Myths and Mythology

As a child, I always thought of myths and mythology as tales of ancient times with no hint of truth.

I was carefully shielded from the fact that most religious beliefs are categorized as myths and mythology.

Oh the tangled webs we weave, when first we practice to deceive.

Shame on religious fanatical maniacs.

Obviously, there is seldom any proof of myths, yet many cultures swear by the mythology that has been passed down to them for generations.

This is precisely why religions fall into the category of mythology in academia.

Christians also fall into this category.

Just so you know.

It’s time for all of humanity to examine WHY they believe what they believe.

If it’s simply because that’s what you were told as a child, then that’s not good enough.

Once upon a time, children were told that the world was flat. 

Remember that.

“Greek mythology is largely made up of stories about gods and goddesses, but it must not be read as a kind of Greek Bible, an account of the Greek religion.  According to the most modern idea, a real myth has nothing to do with religion.  It is an explanation of something in nature:  how, for instance, anything and everything came into existence; men animals, this or that tree or flower . . . Myths are early science, the result of men’s first trying to explain what they saw around them.  But there are many so-called myths that explain nothing at all.  These tales are pure entertainment, the sort of thing people would tell one another on a long winter’s evening. . . . But religion is here, too.”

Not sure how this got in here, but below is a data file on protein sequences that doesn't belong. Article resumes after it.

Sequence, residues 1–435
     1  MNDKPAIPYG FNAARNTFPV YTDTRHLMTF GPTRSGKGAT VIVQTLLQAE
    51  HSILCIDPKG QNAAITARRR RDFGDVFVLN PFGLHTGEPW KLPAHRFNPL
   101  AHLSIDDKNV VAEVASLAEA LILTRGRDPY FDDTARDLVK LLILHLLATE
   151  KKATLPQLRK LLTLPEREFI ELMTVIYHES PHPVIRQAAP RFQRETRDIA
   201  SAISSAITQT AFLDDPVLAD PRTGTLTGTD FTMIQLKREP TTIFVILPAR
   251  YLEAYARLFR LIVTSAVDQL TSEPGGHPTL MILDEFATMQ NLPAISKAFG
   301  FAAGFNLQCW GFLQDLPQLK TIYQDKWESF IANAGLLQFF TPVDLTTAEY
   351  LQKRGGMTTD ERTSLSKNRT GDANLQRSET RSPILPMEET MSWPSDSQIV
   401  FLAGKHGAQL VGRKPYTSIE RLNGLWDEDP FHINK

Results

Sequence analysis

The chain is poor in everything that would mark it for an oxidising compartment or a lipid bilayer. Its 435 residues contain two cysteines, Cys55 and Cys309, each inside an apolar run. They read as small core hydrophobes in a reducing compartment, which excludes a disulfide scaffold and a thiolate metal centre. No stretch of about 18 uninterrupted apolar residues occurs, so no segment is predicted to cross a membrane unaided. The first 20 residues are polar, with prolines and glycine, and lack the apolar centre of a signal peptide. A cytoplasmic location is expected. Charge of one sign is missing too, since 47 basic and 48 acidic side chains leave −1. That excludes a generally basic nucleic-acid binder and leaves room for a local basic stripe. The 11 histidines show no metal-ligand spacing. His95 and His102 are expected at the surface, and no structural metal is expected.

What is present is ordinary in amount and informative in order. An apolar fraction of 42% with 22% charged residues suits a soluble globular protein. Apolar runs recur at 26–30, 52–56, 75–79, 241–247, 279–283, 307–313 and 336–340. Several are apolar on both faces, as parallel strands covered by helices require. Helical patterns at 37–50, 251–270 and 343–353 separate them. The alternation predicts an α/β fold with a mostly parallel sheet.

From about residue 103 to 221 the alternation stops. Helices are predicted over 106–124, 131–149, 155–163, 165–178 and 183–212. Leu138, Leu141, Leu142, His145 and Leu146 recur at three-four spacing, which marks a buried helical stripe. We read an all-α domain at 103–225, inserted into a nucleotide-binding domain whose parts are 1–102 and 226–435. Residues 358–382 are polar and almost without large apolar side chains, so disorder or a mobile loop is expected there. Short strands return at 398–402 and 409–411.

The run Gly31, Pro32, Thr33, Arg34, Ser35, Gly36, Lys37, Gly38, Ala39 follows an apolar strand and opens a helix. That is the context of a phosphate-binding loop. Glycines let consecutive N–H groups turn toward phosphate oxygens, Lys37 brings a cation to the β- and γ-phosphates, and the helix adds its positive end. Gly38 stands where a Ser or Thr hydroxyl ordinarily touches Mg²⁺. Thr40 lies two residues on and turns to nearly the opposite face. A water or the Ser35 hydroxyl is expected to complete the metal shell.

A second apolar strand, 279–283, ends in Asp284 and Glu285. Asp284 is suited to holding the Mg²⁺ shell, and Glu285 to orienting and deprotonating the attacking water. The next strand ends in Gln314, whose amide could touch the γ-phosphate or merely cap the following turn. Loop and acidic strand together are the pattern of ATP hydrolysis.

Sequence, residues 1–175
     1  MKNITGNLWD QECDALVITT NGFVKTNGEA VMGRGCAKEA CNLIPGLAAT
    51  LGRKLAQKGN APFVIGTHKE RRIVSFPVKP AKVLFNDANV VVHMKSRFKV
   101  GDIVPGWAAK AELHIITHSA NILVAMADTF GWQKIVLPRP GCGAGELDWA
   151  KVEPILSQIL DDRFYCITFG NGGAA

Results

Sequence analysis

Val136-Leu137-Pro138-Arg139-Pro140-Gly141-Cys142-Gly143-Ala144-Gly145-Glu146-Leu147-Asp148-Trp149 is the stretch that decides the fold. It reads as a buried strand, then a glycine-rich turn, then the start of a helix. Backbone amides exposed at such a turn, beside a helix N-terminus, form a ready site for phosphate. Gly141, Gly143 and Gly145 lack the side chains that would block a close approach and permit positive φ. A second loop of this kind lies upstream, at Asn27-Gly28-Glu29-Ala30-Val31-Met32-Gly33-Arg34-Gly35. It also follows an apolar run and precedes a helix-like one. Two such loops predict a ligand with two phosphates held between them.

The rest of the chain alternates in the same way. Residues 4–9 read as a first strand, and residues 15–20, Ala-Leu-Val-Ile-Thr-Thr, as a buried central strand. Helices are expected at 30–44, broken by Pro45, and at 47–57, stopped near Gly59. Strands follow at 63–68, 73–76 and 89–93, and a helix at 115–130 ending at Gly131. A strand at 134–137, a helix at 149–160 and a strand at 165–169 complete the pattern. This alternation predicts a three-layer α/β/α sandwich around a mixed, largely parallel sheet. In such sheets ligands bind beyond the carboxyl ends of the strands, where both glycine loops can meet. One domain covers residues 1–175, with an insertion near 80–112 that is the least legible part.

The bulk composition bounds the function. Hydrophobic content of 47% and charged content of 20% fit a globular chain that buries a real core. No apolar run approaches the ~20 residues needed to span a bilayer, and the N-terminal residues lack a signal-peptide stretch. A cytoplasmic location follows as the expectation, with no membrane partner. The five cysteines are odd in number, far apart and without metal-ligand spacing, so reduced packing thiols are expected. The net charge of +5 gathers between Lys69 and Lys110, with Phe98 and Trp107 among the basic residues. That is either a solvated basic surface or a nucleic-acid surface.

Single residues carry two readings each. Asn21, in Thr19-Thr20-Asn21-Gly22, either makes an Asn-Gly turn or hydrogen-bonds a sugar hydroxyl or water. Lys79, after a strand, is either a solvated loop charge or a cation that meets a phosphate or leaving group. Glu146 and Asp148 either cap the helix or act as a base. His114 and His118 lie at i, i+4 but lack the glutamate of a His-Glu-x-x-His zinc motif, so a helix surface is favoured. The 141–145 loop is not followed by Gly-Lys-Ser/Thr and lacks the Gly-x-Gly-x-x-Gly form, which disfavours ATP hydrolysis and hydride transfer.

–Edith Hamilton, Mythology

“Myths concern us not only for the part they play in all primitive, illiterate, tribal, or non-urban cultures . . .; not only for the grip that versions of ancient Greek myths have gained through the centuries on the literary culture of the Western nations; but also because of man’s endearing insistence on carrying quasi-mythical modes of thought, expression, and communication into a supposedly scientific age.”

–G. S. Kirk, Myth: Its Meaning and Functions

For more quotes, meanings and explanations of myth, see http://faculty.gvsu.edu/websterm/mythdefinitions.htm